Our relationship seems hopeless, is it?

Our relationship seems hopeless, is it?

When can couples/marriage/relationship counselling work?

I have lots of couples say to me when they first reach out, “I think our problems are too big to be fixed” in reality, most of the time (not all but most) they don’t have to be if you don’t want them to be.  The real question is this, do you both want things to improve?

The areas that we focus on in therapy (my kind of therapy at least – the Gottman Method) are:

  • Trust
  • Commitment
  • The friendship system
  • Conflict
  • Shared meaning
  • Life dreams

There can be ruptures or challenges in any of these areas, or even many (sometimes all) but that doesn’t have to mean the end of the relationship…IF, big IF, you don’t want it to be.

When is it NOT going to work?

Now, obviously there are times when relationship or marriage therapy may not be the best course of action.  Where abuse or active addition is present for example. But in the majority of cases, if you both have, even a whisper, of commitment to making improvements in the relationship then therapy can be a good option.

So therapy can work if someone has waning commitment to the relationship?

Yes.  Even the teeniest amount, because, what can happen is ruptures or injuries occur to the relationship, maybe ongoing arguments (conflict), maybe infidelity or other betrayals (trust), maybe parenting or financial differences (shared meaning), maybe emotional distance or not finding each other fun/interesting/attractive (the friendship system).  These issues over time can mean you feel less and less committed to the relationship.  You start to doubt why you are even trying anymore.

Now, the case may be that you want to separate and that may be the best course of action for you.  If that’s what you want deep down, then that’s what you do.  But, if you feel your commitment is waning because you have lost sight of the positive aspects of the relationship, lost your connection to each other and your ability to communicate, then all of that can be worked on in therapy.

It is up to you, you chose the relationship you want to have and if your partner also wants the same, it can be achieved.

Moving from locking horns to empathy and understanding

Gottman has found through their research that 69% of conflict between couples is around perpetual problems.  We are all raised differently, we all have our own unique dreams, fears and needs and therefore we are going to think and feel differently to our partner.  Compromise isn’t always an option.  What we can try to achieve is greater communication skills, more effective listening skills, empathy and compassion for our partner and their perspective. A deeper understanding of the WHY.  Why is this so important to them? Why does this frighten them? Why is this a ‘non-negotiable’ for them?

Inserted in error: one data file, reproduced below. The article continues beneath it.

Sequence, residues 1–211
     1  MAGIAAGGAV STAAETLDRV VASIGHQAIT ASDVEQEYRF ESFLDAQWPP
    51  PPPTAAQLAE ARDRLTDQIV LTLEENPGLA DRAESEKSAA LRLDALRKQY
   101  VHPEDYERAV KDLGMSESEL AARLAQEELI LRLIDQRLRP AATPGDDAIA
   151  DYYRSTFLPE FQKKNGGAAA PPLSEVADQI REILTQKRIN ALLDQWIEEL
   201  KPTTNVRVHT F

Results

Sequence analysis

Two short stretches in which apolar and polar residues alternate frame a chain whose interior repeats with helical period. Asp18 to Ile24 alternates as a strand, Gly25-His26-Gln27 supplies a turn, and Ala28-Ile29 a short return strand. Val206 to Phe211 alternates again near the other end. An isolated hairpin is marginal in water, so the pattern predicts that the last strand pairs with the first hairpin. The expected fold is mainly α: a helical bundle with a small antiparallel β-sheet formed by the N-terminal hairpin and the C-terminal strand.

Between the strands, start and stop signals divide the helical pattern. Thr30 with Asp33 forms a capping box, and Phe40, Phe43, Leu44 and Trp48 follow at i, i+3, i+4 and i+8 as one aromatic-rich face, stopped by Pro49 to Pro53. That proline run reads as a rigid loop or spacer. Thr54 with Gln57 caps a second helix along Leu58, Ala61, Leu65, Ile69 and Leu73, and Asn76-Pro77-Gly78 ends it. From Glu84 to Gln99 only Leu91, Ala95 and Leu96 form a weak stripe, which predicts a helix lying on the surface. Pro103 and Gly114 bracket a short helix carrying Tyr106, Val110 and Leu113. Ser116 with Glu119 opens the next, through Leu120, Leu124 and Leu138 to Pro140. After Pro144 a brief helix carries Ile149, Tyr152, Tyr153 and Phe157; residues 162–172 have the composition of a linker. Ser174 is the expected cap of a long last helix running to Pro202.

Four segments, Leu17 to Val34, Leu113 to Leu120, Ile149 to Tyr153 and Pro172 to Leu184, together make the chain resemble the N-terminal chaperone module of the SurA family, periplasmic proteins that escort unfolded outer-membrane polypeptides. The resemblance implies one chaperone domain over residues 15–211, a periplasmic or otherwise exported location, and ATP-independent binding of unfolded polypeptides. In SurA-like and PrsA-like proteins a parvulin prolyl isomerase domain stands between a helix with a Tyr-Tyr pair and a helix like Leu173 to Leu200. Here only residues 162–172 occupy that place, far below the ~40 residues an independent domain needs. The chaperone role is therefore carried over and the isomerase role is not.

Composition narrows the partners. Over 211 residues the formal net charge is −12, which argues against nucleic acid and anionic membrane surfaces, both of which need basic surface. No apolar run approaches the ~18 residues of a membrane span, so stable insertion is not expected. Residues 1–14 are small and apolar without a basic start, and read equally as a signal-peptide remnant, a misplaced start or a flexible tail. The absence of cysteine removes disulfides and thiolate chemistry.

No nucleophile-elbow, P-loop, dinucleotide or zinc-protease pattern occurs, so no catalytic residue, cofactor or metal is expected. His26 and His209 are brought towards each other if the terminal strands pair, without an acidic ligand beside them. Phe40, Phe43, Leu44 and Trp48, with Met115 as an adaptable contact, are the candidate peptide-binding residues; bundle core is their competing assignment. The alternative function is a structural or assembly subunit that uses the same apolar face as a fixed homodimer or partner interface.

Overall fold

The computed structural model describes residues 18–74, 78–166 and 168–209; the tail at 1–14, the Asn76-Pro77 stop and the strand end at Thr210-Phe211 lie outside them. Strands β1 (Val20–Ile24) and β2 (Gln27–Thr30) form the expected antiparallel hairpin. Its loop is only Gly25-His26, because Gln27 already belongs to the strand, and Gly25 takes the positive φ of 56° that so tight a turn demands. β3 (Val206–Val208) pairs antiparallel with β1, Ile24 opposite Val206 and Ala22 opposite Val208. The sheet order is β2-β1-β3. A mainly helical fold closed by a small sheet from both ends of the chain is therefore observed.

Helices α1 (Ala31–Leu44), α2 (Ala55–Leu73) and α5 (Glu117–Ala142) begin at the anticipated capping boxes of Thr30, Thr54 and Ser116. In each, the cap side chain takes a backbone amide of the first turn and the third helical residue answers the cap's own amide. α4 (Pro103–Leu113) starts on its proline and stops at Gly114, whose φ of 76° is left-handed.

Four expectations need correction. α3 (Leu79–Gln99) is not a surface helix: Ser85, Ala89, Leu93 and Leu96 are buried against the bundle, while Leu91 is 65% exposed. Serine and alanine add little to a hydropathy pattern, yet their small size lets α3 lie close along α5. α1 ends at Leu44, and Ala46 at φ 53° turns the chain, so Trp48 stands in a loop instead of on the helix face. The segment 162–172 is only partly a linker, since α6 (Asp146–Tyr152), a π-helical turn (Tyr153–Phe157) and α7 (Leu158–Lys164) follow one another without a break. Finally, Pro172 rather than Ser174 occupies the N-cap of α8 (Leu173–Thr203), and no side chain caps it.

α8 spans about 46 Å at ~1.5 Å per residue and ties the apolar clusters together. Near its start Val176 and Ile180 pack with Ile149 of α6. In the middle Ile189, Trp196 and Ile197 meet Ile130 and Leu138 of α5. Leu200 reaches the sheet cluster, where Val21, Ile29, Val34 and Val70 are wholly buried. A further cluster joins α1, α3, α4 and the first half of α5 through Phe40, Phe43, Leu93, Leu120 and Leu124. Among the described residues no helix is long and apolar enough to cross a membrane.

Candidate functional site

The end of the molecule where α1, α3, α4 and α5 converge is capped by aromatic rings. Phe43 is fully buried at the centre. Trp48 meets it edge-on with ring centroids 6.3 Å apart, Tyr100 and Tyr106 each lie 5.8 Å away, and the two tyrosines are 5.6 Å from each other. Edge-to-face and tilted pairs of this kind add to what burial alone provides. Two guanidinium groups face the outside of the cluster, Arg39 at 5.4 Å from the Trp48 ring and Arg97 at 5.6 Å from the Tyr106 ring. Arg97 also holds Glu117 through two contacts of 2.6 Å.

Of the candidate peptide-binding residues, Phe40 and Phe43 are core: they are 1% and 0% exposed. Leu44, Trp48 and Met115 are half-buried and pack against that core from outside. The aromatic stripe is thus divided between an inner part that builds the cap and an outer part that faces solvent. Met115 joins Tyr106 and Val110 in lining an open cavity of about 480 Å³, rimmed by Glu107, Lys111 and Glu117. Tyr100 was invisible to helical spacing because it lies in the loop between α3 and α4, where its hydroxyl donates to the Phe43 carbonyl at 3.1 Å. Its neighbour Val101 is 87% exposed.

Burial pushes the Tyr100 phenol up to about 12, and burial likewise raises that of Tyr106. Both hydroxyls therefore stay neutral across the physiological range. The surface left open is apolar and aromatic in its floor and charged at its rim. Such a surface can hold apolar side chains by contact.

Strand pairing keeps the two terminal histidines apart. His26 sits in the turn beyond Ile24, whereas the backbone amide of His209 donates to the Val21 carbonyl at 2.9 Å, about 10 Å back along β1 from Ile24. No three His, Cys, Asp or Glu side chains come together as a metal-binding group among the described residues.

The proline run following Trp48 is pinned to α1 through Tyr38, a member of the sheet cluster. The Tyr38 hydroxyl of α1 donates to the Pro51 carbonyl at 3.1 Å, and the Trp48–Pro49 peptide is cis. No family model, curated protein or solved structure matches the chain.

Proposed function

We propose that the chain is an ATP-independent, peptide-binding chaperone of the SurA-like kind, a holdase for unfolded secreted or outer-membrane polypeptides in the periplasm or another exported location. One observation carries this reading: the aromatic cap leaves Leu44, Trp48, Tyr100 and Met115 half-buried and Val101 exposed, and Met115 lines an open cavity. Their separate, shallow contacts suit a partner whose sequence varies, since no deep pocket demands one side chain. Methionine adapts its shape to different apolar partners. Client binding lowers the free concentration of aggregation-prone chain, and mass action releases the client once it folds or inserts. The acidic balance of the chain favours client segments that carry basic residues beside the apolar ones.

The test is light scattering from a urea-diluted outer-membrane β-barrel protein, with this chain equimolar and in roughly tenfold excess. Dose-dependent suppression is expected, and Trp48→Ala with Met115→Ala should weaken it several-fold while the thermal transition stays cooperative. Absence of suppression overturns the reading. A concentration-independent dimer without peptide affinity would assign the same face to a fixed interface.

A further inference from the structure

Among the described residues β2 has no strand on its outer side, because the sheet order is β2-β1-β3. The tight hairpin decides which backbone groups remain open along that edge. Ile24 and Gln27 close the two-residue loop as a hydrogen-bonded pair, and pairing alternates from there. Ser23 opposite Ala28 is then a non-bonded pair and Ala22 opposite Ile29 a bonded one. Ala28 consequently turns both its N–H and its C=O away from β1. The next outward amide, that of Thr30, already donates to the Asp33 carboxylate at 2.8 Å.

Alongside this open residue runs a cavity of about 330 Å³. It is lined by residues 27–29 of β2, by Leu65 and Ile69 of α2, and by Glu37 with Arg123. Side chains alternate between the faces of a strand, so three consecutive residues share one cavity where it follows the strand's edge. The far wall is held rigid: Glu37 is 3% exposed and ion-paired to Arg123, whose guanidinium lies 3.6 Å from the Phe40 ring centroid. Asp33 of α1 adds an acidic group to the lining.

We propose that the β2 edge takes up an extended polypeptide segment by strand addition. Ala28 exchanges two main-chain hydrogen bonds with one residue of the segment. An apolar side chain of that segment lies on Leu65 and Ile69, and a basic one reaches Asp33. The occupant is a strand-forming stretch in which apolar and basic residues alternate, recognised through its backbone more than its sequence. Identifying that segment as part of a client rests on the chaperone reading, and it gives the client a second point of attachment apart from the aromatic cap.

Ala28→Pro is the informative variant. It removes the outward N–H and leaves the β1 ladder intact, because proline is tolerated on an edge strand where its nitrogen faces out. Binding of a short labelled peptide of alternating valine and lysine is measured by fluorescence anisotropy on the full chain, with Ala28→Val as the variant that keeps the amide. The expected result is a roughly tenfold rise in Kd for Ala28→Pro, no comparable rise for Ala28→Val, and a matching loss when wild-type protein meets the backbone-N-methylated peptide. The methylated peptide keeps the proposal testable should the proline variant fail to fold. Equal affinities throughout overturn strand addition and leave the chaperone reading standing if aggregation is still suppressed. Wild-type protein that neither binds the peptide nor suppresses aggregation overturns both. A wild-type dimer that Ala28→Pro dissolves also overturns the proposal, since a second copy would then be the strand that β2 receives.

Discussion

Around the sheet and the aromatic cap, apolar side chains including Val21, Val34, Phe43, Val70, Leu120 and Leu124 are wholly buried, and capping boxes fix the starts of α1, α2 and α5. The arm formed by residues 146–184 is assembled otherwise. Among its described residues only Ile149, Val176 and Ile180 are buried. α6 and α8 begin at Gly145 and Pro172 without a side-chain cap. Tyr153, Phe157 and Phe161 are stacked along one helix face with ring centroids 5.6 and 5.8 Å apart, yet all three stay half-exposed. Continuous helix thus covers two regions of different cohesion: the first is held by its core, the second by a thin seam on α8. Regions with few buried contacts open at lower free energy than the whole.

Therefore if we understand that 69% of the time, we are not going to agree, it highlights how important conflict management is, but most of the time we are not taught this.  In some cases, we had awesome role models who modelled how to have conflict, how to differ, respectfully and empathetically.  Most of the time though, we didn’t, and we need to learn that from somewhere.

(For further information on managing conflict in your relationship – check out Tracy’s previous blog https://nestcounselling.com.au/how-to-work-with-conflict-in-your-relationship/)


It can feel overwhelming and terrifying when we fear we may be losing the relationship we had dreamed of, maybe the one we used to have, or maybe it’s never been how you wished it would be.  Maybe you’ve always felt that you struggled to communicate effectively or to manage conflict.  Maybe trust issues started early on in the relationship.

Whatever is happening, if both partners (of their own free will) want it to work, and when I say this I am referring to the fact that one partner can’t ‘force’ the other to want something they simply don’t want. But, if both partners agree to exploring options for improving the relationship and both of you are willing to invest emotionally and practically in making changes then there is hope.


If you want to reach out to book an appointment of to find out more about how couples counselling could work for you call Tina on 0484 223 042

If you are struggling and have questions about our counselling services please contact us